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Pysch Says Heavy Fatigue Not Pots - True?


Suzanne
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I am seeing a pyschologist for my depression and anxiety and she is telling me that my levels of fatigue are not caused by POTS. She says she has read up on it and it just doesn't cause someone to have fatigue for days and days. I accept that I have work to do regarding my anxiety, which results in me struggling to drive when I am really tired and dizzy. She says this is not POTS. She is saying that it is psychosematic (can't spell it). Does anyone have any views on this? Your thoughts would be appreciated as I am feeling quite upset about it.

Thanks!

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Hi Suzanne,

I am afraid she may not understand POTS and the effects that POTS has on our bodies. Ask the psychologist where she learned this information and then offer her informative brochures regarding POTS that prove otherwise. The last thing we want to happen is for this psychologist to go on believing this oh so wrong information so that hopefully...if they are approached by a POTS patient in the future....they may have a different attitude/outlook.

I am sorry this happened to you. Good Luck.

Susan

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Suzanne,

Fatigue and orthostatic intolerance are my two biggest symptoms. I'm functioning at 20% of what I used to because of fatigue. I cannot work.

I just found out that I have less blood circulating in my body than is average for my weight/height and less red blood cells as well. Combine that with blood that pools upon upright posture, and that is a recipe for fatigue.

The test that was done to find that out is NOT one of the usual blood tests like a CBC, or a hematocrit.

That is not to say that one cannot suffer with depression and or anxiety.

Who wouldn't be anxious trying to drive a car while dizzy and lightheaded?

Maybe you could show the psychologist one of the brochures that this website produced. I've often given them to people or doctors who need to know. The brochures are great!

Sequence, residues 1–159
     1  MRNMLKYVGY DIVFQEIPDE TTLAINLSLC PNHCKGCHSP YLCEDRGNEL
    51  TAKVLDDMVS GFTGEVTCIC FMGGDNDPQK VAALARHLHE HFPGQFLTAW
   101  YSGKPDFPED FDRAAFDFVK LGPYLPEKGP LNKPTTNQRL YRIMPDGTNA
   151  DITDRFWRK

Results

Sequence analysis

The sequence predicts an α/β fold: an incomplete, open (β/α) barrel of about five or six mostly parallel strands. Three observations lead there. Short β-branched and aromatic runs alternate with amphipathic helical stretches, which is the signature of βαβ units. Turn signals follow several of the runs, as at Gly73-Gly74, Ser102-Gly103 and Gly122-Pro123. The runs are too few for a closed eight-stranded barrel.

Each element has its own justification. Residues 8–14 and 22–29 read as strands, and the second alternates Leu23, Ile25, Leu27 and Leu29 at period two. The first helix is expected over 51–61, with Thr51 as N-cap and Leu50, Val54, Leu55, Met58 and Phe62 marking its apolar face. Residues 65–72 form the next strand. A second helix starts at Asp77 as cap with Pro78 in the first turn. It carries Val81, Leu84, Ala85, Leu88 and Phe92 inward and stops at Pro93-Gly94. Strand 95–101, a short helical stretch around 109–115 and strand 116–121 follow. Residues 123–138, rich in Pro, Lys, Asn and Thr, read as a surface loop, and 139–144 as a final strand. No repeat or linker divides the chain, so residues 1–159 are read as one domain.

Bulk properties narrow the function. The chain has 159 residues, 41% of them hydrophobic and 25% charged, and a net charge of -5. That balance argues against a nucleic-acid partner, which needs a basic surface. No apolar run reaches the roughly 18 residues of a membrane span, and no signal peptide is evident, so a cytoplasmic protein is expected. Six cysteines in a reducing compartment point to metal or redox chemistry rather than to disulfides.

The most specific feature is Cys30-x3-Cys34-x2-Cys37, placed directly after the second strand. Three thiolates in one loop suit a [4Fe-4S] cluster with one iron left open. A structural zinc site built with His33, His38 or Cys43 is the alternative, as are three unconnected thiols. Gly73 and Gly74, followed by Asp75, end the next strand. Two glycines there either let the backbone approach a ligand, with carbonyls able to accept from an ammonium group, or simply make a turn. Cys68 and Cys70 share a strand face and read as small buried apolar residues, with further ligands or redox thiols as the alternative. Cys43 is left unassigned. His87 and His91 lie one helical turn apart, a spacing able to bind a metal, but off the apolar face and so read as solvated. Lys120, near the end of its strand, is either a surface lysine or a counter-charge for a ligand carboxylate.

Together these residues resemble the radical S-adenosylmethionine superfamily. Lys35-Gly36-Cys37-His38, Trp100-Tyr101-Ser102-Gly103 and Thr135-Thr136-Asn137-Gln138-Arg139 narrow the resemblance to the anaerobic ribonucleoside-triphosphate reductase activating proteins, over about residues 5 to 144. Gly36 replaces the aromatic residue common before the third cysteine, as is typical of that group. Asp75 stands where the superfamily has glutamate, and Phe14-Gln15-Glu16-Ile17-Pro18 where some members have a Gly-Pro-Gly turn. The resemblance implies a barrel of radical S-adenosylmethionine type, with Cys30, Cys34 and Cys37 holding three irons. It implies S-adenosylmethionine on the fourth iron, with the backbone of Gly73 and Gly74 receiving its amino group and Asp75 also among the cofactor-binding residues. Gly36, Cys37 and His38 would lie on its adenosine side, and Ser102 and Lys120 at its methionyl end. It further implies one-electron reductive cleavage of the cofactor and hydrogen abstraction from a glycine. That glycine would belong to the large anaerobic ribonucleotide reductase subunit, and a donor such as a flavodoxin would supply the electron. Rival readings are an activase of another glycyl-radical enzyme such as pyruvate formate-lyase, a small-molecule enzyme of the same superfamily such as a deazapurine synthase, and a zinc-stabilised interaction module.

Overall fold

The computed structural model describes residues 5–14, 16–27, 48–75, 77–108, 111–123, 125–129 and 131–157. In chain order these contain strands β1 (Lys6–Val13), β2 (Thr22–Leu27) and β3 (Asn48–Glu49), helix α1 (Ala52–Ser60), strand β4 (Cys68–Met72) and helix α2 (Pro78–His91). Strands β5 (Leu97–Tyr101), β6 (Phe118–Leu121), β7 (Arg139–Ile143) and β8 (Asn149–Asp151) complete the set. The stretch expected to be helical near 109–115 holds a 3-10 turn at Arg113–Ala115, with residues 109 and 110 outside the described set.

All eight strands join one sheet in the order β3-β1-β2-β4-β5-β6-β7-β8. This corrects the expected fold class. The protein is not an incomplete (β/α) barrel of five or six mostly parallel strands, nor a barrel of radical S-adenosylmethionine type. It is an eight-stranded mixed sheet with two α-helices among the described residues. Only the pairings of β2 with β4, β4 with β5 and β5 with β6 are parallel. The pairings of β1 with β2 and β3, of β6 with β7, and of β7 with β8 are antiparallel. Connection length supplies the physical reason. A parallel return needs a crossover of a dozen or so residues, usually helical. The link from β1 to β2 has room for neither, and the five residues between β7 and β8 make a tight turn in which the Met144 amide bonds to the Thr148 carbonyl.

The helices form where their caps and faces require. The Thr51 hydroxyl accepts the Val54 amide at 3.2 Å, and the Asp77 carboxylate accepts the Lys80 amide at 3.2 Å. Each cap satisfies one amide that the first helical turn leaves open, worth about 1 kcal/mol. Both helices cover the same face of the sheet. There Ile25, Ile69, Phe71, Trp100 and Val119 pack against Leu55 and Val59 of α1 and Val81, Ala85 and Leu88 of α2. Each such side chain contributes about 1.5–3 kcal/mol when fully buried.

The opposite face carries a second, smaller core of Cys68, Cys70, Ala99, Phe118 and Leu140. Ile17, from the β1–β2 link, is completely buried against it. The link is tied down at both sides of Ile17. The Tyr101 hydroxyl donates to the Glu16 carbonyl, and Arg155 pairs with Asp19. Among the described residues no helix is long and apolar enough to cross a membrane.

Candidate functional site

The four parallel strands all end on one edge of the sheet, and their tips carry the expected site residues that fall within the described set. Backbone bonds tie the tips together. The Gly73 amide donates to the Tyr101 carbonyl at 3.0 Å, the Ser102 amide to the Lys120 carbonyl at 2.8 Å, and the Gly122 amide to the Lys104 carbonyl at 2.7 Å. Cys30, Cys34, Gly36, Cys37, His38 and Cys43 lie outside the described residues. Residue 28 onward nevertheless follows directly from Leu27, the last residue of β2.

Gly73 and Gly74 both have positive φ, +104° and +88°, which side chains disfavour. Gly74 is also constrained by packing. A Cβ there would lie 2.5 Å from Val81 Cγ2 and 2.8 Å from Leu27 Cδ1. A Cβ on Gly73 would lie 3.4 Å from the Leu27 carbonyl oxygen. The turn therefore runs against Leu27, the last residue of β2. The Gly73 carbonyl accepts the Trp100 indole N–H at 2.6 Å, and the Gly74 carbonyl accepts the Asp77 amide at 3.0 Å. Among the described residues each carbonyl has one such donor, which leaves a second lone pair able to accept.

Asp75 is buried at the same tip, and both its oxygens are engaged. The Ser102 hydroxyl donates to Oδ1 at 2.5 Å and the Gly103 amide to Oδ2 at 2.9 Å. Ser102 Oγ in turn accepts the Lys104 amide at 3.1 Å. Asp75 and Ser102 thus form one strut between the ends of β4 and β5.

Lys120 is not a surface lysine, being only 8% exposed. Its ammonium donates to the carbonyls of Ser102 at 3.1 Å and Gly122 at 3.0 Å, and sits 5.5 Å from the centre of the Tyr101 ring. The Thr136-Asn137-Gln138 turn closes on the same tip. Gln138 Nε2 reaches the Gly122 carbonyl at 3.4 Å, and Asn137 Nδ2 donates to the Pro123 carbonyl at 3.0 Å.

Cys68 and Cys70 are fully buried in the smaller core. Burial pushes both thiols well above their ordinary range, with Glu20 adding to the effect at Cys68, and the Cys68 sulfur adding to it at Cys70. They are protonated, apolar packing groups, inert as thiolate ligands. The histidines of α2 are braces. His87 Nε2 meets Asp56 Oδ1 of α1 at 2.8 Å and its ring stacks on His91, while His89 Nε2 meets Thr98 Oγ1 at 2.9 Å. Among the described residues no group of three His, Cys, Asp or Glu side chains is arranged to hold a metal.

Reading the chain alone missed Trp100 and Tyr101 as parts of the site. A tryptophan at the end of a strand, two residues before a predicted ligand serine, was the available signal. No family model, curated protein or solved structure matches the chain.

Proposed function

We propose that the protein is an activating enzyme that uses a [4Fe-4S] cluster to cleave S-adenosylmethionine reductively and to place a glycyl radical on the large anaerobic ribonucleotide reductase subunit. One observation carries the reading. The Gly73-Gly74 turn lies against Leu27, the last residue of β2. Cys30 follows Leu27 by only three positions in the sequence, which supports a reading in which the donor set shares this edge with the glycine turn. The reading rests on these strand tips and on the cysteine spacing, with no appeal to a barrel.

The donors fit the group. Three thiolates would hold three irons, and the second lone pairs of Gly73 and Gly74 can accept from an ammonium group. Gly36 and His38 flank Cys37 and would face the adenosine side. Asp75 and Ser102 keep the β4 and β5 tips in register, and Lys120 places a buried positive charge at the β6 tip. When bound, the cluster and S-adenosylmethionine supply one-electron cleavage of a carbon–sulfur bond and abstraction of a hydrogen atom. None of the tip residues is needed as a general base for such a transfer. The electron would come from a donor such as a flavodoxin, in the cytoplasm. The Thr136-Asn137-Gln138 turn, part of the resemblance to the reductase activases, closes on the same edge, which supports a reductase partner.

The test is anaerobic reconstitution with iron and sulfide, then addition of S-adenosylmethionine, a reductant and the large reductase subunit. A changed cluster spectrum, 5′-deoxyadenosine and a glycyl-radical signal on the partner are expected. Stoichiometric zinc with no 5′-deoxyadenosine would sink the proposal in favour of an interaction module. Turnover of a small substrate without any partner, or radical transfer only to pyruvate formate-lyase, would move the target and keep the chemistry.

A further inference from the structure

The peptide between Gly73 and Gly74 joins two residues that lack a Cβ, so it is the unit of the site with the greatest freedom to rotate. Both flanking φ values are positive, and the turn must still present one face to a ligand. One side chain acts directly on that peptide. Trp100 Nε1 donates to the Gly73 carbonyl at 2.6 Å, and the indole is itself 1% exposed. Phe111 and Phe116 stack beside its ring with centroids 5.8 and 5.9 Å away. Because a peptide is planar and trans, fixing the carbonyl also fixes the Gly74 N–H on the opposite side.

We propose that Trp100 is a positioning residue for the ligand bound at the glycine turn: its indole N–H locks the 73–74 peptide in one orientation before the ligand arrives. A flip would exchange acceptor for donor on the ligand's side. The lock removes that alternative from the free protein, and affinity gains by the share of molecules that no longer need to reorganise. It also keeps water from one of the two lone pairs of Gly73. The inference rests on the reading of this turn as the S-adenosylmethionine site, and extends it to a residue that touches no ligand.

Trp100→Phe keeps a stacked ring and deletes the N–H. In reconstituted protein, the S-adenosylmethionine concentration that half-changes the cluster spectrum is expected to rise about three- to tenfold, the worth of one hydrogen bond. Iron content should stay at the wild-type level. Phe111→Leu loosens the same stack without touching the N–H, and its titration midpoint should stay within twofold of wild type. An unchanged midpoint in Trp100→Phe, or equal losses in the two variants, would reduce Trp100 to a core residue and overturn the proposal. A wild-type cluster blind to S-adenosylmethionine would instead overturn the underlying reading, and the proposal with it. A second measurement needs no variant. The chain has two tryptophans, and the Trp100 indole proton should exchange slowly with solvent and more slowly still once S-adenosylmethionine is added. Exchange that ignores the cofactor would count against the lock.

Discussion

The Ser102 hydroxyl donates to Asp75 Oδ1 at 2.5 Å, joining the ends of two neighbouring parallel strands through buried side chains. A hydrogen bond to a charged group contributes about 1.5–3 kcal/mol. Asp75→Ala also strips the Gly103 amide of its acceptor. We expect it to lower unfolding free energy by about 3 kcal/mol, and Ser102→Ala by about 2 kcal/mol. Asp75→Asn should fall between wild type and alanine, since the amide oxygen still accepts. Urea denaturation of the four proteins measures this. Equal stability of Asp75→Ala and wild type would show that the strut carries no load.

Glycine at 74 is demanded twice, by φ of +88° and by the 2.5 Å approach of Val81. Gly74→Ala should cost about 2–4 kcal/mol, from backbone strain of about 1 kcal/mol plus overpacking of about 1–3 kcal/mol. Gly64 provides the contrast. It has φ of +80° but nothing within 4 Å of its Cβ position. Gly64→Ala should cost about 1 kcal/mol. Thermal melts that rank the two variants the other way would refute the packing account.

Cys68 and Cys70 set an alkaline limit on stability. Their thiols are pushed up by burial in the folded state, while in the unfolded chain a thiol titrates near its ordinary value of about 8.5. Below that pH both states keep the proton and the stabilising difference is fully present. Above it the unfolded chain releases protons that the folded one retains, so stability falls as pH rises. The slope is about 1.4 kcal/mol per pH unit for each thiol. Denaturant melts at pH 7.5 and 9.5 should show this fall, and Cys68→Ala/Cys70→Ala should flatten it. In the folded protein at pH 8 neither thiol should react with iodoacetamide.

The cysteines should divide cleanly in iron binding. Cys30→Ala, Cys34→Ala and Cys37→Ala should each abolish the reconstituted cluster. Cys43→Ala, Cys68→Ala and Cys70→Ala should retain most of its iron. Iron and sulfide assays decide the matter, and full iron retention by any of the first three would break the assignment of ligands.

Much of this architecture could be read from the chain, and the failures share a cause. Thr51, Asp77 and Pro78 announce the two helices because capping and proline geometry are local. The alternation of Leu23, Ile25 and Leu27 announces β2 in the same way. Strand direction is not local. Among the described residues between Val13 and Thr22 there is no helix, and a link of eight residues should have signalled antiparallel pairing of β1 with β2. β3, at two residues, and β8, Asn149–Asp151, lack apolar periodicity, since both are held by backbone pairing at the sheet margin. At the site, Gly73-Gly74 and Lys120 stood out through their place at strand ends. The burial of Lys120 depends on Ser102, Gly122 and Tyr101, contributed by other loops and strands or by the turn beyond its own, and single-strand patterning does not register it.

It really upsets me to hear someone tell you something about this ailment when they OBVIOUSLY know nothing. And don't get me started about that psychosomatic stuff!!! That really gets me hot. Yeah, we all decided that life was SO great, that we had to mess it up by getting fatigued, and feeling poorly. Yeah! Yeah! Yeah! Blah! Blah! Blah!

This psychologist sounds like she thinks she understands. Well, believe me. She doesn't.

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Yes POTS can give you debilitating fatigue for days and days and days. What has your psychologist been smoking? I know what she hasn't been reading. There was a recent article in the Mayo Clinic Proceedings that said that POTS was as disabling as chronic obstructive pulmonary disease or congestive heart failure. http://www.ncbi.nlm.nih.gov/entrez/query.f...2&dopt=Abstract

I have POTS that has been severely physically debilitating, but I have never had any anxiety complaints. I once was given a prescription for some anxiety medication to use in case some other medication we were trying were to make my all jumpy. I filled the prescription for the tranquilizer but never opened the bottle. Never even thought about it. Never felt I needed it. When I told a friend of mine that some doctors thought I had "histrionic personality disorder" because I was seeking medical attention (they thought I was just seeking attention), she said, "That's ridiculous. You are the most emotionally stable person I know."